Each of the nine vignettes stars 'Binging with Babish' creator Andrew Rea and a bottle of wax-dipped bourbon
Maker’s Mark has teamed up with Hulu to showcase its bourbon through a collection of ad vignettes, each focused on crafting a gourmet, whiskey-based cocktail inspired by a show in the streaming service’s roster.
The Kentucky distillery’s new “Mixing with Babish” ads fittingly star YouTube personality Andrew Rea, who first rose to prominence with “Binging with Babish,” a DIY cooking show where he recreates famous dishes from TV and movies.
Since posting his first video in 2016, he’s cooked up everything from “Game of Thrones’” blood pie and Krabby Patties to sheets of blue candy, à la “Breaking Bad”—and going viral to the tune of nearly 8 million subscribers in the process.
Working with Rea “felt like such a great collaboration opportunity,” says Brittney Duncan, media director for Beam Suntory, which owns the Maker’s Mark brand.
The nine-part vignette series, in which each clip runs between 60 and 90 seconds, was the brainchild of Starcom US and produced by digital entertainment company Made In Network, and will tie into both Hulu’s original programming and library shows.
The first installment of “Mixing with Babish” aired on Wednesday and featured a Bloody Mary that swaps the drink’s standard vodka component for Maker’s’ bourbon; “The Melting Pot,” as Rea dubs it, is rooted in “Taste the Nation,” a new Hulu original hosted by Padma Lakshmi that explores American food culture.
Each new vignette will roll out on Hulu upon delivery, appearing in the platform’s ad streams through the end of the year as well as on Maker’s Mark’s YouTube channel. Other shows on Hulu that will be utilized for the series include “The Great,” “Dollface” and “What We Do In The Shadows.”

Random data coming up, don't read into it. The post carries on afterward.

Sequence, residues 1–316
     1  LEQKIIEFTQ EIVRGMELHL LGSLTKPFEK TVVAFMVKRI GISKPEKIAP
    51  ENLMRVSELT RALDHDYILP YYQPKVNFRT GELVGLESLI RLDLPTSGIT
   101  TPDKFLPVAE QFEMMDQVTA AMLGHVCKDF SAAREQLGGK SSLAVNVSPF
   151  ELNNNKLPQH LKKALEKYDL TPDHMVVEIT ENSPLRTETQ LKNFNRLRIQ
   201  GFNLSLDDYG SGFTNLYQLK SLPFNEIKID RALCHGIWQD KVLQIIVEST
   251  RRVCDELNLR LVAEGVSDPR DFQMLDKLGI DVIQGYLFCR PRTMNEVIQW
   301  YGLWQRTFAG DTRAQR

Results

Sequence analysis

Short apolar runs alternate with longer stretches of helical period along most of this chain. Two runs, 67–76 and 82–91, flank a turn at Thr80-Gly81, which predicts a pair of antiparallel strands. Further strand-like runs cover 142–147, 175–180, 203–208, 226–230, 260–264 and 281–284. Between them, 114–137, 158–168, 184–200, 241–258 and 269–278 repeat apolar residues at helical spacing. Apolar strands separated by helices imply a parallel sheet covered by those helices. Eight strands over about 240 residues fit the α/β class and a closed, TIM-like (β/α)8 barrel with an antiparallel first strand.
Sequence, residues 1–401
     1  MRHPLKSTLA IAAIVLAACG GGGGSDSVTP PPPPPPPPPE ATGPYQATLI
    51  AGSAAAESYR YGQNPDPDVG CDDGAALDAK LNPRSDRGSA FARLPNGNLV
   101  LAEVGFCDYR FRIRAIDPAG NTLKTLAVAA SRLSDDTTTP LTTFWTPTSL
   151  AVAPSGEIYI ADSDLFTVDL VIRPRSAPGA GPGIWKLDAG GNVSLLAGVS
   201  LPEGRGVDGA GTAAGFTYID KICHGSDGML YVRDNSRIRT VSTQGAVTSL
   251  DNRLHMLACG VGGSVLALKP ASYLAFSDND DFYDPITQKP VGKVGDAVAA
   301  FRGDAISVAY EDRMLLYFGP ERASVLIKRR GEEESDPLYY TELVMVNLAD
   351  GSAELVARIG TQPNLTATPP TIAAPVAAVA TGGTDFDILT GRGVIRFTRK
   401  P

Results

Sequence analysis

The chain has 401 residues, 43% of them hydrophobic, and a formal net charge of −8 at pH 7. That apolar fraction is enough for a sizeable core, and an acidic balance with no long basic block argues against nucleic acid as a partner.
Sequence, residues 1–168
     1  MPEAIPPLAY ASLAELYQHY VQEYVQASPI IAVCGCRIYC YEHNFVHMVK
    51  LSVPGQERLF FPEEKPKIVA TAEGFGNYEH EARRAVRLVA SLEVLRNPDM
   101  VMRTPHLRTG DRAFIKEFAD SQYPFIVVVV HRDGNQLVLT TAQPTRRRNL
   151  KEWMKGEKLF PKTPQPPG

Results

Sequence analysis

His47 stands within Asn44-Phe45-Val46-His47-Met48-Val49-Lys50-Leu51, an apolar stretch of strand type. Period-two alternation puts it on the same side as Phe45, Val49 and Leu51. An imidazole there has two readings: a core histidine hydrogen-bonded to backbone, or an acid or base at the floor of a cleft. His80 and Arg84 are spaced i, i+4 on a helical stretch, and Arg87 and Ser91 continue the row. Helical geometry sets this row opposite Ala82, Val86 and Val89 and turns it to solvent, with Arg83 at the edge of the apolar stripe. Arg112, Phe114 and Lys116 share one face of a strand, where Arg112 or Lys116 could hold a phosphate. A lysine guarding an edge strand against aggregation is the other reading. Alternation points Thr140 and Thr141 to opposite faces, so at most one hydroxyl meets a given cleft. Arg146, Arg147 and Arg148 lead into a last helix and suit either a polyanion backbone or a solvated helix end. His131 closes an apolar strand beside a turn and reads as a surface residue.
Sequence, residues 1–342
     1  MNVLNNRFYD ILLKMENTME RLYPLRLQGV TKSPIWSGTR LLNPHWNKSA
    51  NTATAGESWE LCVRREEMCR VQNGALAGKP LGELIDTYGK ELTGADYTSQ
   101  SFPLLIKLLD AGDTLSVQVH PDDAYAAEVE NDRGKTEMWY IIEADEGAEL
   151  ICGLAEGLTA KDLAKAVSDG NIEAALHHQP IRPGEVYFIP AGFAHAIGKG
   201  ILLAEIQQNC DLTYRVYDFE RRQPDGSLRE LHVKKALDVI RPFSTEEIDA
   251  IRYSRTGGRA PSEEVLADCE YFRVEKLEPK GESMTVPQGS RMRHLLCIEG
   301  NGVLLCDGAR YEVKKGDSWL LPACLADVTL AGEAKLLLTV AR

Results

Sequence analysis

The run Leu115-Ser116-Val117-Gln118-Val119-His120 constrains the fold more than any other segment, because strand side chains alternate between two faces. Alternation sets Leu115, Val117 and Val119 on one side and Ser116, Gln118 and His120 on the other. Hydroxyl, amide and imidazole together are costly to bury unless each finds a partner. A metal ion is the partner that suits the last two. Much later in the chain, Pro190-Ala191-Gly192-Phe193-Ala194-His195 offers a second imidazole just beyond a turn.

Maker’s Mark was already planning to work with Hulu in 2020 following a successful trial partnership with its binge ad format last year. Duncan says that creating Babish-style content had long been on the distillery’s backburner, but with consumers staying at home en masse due to COVID-19, now was the ideal time to bring it to fruition.
“We are trying to be more in tune with the world we live in today,” Duncan says of the brand, which has taken notice in a rise of “at-home cocktailing.”
Since the outbreak of coronavirus earlier this year, 52% of legal-age drinkers in the U.S. have tried making more cocktails at home and 54% intend to do so well into the future, according to an industry survey conducted in June by alcohol e-commerce platform Drizly.
The study also noted that mixers, bitters, syrups and other cocktail ingredients have become the fastest-growing retail category on Drizly.